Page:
Monday, April 1, 2024


With the April candidate for membership in the Television Crossover Hall of Fame, we always favor the Fool.  I realize that with this being an election year, it would be tempting to induct a foolish millionaire who’s also a member of the League of Themselves.  There is an O’Bvious choice, but that fool [lower case] was made a member back in April of 2009.

So we should finally bring in the most famous rich fool in Toobworld history….


From Wikipedia:

Thurston Howell III (mentioned in the opening credits as: "The Millionaire") is a character on the CBS television sitcom Gilligan's Island, which ran from 1964 to 1967, and later in syndication.

Howell, portrayed by veteran character actor Jim Backus, is such a Croesus that he took hundreds of thousands of dollars in cash and several changes of clothing with him for what was intended to be only a three-hour boat tour in Hawaii. Speaking with a Locust Valley lockjaw accent, Howell is a stereotypical member of the New England Yankee elite – a resident of Newport, Rhode Island, a graduate of Harvard University and a Republican. He is a member of the Newport Country Club, Oyster Bay Yacht Club, and the Union League Club where he has a "window seat".

His wife, Lovey, portrayed by Natalie Schafer, is conscious of social strata, yet seems to be a good-hearted woman with a deep sense of noblesse oblige, allowing her to interact with the other passengers and crew, though regarding them all as her social inferiors. One of the implied humorous points of the show is that Thurston continually fails to realize that all of the Howells' money is essentially useless to them on the island.

On the other hand, the other castaways apparently tolerate the fact that he refuses to do any work. One exception is when an egocentric Hollywood producer (played by Phil Silvers) "visited" the island and the Howells had to wait on him as butler and maid in order to be rescued.

One of the most unusual aspects of his character is that, even though he is married, he sleeps with a teddy bear that he calls "Teddy". The Howells, as was common practice on American sitcoms of the mid-1960s, slept in twin beds. Thurston Howell III was the basis of a character in the television sitcom 'Dusty's Trail' which was based on 'Gilligan's Island'.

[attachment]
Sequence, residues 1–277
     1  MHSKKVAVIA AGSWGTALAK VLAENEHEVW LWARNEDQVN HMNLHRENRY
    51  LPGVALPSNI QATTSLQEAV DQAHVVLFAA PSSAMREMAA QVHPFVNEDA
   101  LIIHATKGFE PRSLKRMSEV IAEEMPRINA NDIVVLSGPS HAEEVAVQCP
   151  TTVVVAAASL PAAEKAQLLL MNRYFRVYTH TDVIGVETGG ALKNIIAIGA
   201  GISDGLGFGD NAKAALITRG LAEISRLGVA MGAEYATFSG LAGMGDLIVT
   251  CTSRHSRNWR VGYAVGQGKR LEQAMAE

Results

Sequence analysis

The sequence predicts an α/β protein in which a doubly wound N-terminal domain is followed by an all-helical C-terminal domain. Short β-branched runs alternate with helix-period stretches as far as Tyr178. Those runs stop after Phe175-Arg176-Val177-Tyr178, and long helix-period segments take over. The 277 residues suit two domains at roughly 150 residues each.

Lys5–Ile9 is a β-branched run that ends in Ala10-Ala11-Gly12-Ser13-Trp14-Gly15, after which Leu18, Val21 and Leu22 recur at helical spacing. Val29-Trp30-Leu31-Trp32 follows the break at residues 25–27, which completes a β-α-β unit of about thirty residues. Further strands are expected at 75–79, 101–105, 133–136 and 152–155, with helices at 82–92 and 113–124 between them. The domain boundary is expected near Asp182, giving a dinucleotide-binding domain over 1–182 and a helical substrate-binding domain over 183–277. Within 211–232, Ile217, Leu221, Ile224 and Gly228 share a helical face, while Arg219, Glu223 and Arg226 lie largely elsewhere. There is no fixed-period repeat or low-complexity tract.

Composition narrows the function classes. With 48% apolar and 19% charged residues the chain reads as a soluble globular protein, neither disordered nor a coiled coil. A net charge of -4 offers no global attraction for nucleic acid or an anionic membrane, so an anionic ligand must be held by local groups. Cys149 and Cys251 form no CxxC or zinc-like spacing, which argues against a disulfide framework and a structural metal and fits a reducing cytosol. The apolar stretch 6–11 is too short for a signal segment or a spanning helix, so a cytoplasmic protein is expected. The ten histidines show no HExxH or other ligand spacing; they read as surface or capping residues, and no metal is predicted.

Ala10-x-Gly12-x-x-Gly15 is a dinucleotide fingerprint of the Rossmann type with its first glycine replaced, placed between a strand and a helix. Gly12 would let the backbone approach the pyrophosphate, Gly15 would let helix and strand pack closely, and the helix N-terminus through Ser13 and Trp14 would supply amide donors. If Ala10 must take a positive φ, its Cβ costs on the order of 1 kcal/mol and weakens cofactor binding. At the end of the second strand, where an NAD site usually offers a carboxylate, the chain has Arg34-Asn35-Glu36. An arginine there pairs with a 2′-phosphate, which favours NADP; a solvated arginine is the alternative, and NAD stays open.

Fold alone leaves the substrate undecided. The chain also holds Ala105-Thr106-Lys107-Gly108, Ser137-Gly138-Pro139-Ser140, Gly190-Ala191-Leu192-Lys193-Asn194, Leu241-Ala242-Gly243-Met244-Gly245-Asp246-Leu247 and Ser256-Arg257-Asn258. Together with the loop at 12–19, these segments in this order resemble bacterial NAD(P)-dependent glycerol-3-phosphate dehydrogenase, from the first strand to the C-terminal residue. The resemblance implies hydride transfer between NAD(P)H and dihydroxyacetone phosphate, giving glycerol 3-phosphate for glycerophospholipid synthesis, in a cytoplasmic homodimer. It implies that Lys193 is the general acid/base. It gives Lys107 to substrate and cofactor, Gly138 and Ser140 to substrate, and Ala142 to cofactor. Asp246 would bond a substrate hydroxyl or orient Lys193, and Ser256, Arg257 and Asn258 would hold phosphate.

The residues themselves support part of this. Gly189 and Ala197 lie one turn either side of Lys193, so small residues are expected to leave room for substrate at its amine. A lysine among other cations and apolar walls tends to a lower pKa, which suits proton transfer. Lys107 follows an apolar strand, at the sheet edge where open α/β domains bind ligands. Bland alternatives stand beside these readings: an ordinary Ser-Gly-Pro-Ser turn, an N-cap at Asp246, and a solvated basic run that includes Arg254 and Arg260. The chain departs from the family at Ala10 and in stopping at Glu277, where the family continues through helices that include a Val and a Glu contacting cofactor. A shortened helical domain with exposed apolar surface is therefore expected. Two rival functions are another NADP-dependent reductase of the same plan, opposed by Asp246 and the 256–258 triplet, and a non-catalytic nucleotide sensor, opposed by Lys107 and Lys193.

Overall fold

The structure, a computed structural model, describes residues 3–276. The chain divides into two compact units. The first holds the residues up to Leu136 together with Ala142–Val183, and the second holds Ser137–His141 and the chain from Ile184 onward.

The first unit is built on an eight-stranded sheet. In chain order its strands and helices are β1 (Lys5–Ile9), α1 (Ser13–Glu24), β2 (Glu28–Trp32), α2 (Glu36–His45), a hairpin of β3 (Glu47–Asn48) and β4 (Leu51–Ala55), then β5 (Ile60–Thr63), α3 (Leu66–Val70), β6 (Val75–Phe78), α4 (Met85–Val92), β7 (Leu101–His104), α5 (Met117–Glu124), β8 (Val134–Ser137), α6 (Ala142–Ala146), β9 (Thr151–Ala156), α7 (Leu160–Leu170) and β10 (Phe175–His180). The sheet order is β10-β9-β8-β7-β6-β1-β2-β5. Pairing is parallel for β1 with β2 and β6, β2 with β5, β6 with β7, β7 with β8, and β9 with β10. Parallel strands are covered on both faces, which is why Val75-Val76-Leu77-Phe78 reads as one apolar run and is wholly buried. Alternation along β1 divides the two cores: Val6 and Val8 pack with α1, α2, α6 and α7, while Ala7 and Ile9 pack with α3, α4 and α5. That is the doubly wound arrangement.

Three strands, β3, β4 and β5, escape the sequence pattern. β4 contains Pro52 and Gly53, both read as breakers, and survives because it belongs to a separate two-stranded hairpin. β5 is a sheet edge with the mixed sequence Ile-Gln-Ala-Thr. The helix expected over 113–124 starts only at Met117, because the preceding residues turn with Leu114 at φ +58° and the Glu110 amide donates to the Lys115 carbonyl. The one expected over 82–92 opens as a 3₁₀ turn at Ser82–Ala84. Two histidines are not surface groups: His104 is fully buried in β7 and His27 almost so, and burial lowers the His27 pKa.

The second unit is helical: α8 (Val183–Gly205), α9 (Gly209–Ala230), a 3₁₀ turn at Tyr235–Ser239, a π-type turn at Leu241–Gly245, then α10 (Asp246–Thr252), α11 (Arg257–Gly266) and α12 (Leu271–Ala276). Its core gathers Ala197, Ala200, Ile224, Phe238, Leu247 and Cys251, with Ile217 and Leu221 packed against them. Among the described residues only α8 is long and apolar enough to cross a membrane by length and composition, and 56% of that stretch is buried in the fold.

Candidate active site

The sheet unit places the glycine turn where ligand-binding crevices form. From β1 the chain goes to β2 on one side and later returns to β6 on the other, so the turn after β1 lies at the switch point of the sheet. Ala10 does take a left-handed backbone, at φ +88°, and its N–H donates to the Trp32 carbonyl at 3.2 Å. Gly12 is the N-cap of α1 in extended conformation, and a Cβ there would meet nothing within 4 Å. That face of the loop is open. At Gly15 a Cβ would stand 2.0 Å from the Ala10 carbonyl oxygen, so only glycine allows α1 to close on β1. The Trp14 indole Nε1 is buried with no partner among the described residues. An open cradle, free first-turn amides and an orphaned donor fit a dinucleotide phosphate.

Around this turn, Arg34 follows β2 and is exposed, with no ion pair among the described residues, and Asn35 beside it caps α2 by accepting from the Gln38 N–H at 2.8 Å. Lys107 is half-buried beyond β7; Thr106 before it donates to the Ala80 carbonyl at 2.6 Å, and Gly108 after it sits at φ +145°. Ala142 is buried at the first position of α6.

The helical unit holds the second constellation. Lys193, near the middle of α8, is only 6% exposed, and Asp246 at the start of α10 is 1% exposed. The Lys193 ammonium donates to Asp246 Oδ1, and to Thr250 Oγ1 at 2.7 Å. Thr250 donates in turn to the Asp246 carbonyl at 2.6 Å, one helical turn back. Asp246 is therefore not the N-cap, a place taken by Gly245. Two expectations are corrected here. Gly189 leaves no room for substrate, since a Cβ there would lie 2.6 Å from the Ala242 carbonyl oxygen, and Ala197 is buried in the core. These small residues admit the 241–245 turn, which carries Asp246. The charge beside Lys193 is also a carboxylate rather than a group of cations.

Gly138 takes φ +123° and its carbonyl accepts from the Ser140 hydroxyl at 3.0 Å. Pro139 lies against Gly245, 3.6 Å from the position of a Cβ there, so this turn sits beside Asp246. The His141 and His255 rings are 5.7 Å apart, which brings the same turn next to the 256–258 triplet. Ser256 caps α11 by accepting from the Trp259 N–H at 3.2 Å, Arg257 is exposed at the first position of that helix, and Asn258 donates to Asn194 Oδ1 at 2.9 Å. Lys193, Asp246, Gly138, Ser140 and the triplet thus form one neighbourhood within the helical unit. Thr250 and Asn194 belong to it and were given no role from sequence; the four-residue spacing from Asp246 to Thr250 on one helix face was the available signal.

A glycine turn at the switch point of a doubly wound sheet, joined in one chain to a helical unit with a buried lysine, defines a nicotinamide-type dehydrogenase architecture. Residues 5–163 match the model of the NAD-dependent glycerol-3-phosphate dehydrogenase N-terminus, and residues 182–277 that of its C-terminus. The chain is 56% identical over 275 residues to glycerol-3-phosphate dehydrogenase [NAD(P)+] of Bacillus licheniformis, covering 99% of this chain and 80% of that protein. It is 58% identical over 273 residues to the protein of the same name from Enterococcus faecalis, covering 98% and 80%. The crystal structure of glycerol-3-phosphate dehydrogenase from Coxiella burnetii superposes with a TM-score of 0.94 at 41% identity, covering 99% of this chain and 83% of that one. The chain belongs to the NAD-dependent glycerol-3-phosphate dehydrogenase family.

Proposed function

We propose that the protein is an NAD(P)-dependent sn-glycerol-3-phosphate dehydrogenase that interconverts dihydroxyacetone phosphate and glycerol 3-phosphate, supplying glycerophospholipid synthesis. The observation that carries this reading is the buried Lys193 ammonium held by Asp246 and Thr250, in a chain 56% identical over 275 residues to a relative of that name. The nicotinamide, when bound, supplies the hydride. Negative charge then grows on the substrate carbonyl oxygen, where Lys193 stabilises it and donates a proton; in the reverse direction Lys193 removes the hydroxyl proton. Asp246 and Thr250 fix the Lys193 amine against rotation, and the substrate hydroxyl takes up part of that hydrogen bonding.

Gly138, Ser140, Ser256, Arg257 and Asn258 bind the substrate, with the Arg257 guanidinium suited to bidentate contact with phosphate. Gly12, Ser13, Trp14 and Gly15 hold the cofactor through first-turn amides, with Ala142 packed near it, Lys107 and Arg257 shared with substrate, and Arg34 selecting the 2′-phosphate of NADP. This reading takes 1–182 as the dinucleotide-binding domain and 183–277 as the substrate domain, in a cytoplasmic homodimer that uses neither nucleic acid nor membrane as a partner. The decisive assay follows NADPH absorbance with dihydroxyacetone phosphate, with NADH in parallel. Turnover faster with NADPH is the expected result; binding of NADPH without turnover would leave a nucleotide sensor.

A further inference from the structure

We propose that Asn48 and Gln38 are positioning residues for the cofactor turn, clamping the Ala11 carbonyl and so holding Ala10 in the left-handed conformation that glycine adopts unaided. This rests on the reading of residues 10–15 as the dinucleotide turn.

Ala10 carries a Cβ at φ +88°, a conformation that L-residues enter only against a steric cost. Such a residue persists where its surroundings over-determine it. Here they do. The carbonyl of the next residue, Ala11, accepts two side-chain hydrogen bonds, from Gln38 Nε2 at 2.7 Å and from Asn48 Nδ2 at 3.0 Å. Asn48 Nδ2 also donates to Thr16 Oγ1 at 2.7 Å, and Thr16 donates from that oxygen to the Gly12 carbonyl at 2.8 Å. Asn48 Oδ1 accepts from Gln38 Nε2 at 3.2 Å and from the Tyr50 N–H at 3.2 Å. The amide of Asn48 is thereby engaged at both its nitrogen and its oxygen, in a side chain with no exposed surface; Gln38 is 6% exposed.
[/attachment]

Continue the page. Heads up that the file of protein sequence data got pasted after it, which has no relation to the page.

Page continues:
Though described as a cunning, ruthless businessman, whose nickname was "The wolf of Wall Street", he is shown to have some moral scruples - when a mad scientist lures the castaways to his private island and shows Mr. Howell technology he had developed to switch peoples' bodies, he then asks for Mr. Howell's help in switching the bodies of world leaders with his personal minions to take over the world. Mr. Howell instead turns him down and tells his fellow castaways about the scientist’s intentions.

Howell was included on Forbes Magazine's 2006 list of the 15 richest fictional characters. Just how much money he had was never specified, but he was shown as owning several large corporations. In the pilot episode, when the radio announcer reads the names of the lost passengers, they refer to Mr Howell as a billionaire. Also when asked what happened to him during the Great Depression, his wife says that he was a billionaire, lost most of his money and "became just a millionaire."

Among his assets were a diamond mine, a coconut plantation, a railroad, an oil well, and 40 acres in Colorado – which included all of downtown Denver – that he bequeathed to his fellow castaways in his will. He also owned the Hatchet-Cuckoo Oil Company in Dust Bowl, Oklahoma. He tried to shove this supposedly worthless oil company on Gilligan. When he hears that an imposter is going to sell off his companies for cash, he is so enraged that he tries to swim back to the mainland three times, intent on killing the man, only to be stopped by Gilligan, the Skipper and his wife.

Backus reprised his role in the three spin-off movies of the original series, although in the last one ("The Harlem Globetrotters on Gilligan's Island") Backus's declining health only allowed him to make a three-minute cameo appearance at the conclusion.

Although the Howells never had any children in the original series, their son Thurston Howell IV (portrayed by David Ruprecht) is introduced in the last movie. The younger Howell's mannerisms are similar to those of his father.

Here are the reasons why Mr. Howell should join his wife and the other stranded castaways in the TVXOHOF, AND as a multidimensional….

99 Episodes
(1964 – 1967)

(TV Movie 1978)

(TV Movie 1979)

(TV Movie 1981)


24 Episodes

O'Bservation - I see no reason why a live-action version of this cartoon series shouldn't be what happened to those seven stranded castaways back in the main Toobworld between the end of the sitcom and the first TV reunion movie.

Gilligan's Planet
13 Episodes

Welcome to the TV Crossover Hall of Fame, Mr. Howell!

I hope you enjoy the reunion with Lovey in the TVXOHOF's Millionaire Suite....